According to the latest Catholic Climate Covenant’s weekly update “German auto-manufacturer Mercedes-Benz is constructing a hybrid Popemobile for Benedict XVI, and the new vehicle is expected to be ready by 2012. The new Popemobile is reportedly adapted from the 4WD M Class Mercedes, and will be powered by a hybrid electric-gas motor with a rechargeable lithium-ion battery. The new Popemobile will have the capacity to travel 16 miles without emitting any greenhouse gases.”
The new Popemobile is the latest effort of Pope Benedict XVI to insist on our responsibility toward the ecological crises we live in.
Benedict XVI with this new Popemobile is also recalling the long tradition of Catholic social teaching regarding the environment, from the Second Vatican Council to Paul VI and John Paul II’s documents. In early 1990, John Paul II wrote: “There is a growing awareness that world peace is threatened … also by a lack of due respect for nature.” He added that “ecological awareness, rather than being downplayed, needs to be helped to develop and mature, and find fitting expression in concrete programs and initiatives.” This statement recalls Octogesima Adveniens from 1971, where Paul VI viewed the environment as one of the new social problems.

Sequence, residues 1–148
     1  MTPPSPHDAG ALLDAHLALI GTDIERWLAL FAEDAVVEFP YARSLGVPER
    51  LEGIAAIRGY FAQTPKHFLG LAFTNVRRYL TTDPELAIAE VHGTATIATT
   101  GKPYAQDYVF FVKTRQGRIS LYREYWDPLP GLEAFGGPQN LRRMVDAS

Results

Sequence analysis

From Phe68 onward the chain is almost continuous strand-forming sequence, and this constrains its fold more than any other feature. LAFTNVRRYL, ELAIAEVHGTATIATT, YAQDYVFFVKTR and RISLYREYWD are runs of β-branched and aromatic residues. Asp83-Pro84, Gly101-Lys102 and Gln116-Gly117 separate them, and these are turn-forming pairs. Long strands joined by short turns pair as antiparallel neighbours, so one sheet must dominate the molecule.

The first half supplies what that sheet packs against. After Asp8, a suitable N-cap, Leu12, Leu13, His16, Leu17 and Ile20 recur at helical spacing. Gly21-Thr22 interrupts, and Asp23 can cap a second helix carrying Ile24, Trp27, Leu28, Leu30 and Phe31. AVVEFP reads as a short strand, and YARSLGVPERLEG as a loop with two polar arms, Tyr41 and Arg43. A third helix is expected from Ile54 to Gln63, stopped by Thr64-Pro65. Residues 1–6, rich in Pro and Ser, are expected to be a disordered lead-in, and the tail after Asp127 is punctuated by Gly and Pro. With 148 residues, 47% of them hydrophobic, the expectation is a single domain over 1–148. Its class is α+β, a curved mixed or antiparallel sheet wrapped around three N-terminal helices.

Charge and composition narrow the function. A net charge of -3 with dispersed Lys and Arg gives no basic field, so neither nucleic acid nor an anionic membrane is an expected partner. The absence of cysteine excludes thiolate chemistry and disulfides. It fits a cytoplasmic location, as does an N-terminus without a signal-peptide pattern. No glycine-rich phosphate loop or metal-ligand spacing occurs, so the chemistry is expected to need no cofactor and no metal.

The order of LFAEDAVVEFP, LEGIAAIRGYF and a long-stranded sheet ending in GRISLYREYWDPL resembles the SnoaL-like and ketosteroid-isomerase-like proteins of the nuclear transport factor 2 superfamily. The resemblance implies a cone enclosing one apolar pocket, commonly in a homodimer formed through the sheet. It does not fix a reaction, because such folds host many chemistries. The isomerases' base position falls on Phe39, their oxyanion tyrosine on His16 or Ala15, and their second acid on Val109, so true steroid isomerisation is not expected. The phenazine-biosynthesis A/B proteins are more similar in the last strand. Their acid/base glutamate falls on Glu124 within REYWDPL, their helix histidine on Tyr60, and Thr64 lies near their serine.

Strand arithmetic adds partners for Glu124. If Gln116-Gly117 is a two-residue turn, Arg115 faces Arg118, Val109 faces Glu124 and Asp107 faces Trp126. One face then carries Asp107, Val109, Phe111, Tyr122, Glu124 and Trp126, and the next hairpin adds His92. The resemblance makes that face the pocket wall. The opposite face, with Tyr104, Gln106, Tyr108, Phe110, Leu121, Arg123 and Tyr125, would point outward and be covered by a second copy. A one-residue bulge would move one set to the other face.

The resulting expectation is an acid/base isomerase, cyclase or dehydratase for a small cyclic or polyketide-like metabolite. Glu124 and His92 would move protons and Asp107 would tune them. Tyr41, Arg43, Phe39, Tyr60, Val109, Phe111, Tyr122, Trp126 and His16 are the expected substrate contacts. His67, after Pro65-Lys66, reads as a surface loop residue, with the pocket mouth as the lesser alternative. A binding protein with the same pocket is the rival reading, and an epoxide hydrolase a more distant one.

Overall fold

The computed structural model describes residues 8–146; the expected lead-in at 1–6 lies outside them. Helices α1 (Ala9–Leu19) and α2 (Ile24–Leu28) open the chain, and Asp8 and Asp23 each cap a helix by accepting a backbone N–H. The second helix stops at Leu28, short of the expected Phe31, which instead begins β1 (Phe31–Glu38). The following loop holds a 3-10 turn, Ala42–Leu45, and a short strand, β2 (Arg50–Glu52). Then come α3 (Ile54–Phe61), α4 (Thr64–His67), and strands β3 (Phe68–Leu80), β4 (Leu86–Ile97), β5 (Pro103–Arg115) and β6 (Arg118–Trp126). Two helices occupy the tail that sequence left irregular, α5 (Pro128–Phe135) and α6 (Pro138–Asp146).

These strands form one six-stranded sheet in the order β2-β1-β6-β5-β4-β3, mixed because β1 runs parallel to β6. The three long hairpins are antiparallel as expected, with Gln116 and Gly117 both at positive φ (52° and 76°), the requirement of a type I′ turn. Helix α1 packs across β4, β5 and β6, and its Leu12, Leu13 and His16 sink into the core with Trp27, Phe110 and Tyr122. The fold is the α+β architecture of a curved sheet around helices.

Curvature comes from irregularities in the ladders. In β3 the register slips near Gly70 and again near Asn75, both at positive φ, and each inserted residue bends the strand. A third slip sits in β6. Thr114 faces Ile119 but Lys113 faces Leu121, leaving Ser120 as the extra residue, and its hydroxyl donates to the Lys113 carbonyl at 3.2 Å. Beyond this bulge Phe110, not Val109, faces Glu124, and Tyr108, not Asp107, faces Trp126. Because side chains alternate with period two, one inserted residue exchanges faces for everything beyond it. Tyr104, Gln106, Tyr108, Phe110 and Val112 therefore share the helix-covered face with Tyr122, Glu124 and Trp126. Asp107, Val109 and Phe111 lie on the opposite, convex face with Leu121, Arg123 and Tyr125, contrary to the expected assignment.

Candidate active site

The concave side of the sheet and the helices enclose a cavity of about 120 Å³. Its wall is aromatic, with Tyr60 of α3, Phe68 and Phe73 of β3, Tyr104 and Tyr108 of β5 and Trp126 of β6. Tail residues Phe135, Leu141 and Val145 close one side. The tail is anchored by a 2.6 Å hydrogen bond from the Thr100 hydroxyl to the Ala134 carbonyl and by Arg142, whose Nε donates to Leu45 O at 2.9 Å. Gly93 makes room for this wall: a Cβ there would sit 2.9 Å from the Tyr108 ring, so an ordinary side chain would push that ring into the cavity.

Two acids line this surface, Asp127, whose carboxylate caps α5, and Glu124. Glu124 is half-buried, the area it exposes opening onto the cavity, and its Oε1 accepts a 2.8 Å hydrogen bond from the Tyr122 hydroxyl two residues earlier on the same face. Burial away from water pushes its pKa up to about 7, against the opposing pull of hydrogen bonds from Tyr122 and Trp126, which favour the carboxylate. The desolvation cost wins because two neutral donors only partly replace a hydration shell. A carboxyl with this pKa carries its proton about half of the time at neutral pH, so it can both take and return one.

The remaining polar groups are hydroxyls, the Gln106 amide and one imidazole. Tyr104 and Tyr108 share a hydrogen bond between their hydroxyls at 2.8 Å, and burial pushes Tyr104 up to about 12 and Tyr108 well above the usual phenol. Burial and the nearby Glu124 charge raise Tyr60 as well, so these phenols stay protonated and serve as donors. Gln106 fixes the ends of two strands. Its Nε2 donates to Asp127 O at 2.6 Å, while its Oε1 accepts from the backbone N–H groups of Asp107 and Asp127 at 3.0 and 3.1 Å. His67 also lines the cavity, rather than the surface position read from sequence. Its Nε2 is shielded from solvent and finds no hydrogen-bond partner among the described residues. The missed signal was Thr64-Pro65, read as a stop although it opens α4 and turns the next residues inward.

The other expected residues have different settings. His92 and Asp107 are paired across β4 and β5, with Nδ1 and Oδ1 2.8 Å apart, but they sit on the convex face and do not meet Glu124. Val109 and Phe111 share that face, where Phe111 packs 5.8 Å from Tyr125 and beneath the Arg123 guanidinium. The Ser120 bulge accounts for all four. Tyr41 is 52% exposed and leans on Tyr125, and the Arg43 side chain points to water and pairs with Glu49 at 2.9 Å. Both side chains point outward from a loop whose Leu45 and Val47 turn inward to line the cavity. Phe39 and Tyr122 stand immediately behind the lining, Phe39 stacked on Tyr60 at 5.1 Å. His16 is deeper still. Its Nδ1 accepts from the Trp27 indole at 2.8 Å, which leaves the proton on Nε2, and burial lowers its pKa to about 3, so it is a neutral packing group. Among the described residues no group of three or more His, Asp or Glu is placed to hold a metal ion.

For Pope Benedict as well as for his predecessors, the ecological crisis is “closely linked to the notion of development itself and our understanding of humans in their relationship to others and to the rest of creation.”
In the book of Genesis, human beings are commanded to “fill the earth” and to “have dominion,” but this commandment has been understood in the wrong way and the consequences of it can be visible in the actual rampant destruction of the environment symbolized in such realities as climate change, desertification, the deterioration and loss of productivity in vast agricultural areas, the pollution of rivers and aquifers, the loss of biodiversity, the increase of natural catastrophes and the deforestation of equatorial and tropical regions.
This destruction is also the consequence of our selfishness and our refusal to accept the environment, the creation, as God’s gift for all. As Pope Benedict says in Caritas in Veritate, “the use we make of it entails a shared responsibility for all humanity, especially the poor and future generations.”
“Exercising dominion” over the creation commanded by God is to be understood as being stewards, caretakers, and good administrators of the creation, of the environment. The dominion over the earth “was not a simple conferral of authority, but rather a summons to responsibility.”
This responsibility has been assumed by Benedict XVI no just with words but actions, such as this new Popemobile.
Nelson Araque is from Bogota, Colombia and he lives in Dania Beach, FL with his wife and his daughter. He teaches at Cardinal Gibbons High School in Fort Lauderdale, FL. Mr. Araque holds a B.A in Philosophy and Literature from Universidad de La Salle in Bogota, Colombia, a M.A. in Pastoral Ministries from St. Thomas University in Miami and he is currently pursuing a doctoral degree in Theology at Barry University where he hopes to receive a D. Min soon.
Mr. Araque is also a Catholic Climate Ambassador and you can contact him at email@example.com